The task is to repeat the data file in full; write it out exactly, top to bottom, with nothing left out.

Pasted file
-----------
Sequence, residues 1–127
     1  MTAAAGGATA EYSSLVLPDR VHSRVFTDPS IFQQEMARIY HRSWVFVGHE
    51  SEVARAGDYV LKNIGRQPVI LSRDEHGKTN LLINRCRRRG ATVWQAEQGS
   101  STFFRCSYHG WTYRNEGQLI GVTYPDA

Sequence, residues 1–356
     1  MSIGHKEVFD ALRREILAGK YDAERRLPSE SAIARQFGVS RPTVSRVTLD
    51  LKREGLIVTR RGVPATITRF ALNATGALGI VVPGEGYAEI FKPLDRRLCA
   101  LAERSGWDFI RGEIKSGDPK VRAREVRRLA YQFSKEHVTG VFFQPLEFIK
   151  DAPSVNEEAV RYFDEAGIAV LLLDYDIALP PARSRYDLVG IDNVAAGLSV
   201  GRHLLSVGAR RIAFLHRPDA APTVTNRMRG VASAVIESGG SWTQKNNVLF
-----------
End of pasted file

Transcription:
Sequence, residues 1–127
     1  MTAAAGGATA EYSSLVLPDR VHSRVFTDPS IFQQEMARIY HRSWVFVGHE
    51  SEVARAGDYV LKNIGRQPVI LSRDEHGKTN LLINRCRRRG ATVWQAEQGS
   101  STFFRCSYHG WTYRNEGQLI GVTYPDA

Sequence, residues 1–356
     1  MSIGHKEVFD ALRREILAGK YDAERRLPSE SAIARQFGVS RPTVSRVTLD
    51  LKREGLIVTR RGVPATITRF ALNATGALGI VVPGEGYAEI FKPLDRRLCA
   101  LAERSGWDFI RGEIKSGDPK VRAREVRRLA YQFSKEHVTG VFFQPLEFIK
   151  DAPSVNEEAV RYFDEAGIAV LLLDYDIALP PARSRYDLVG IDNVAAGLSV
   201  GRHLLSVGAR RIAFLHRPDA APTVTNRMRG VASAVIESGG SWTQKNNVLF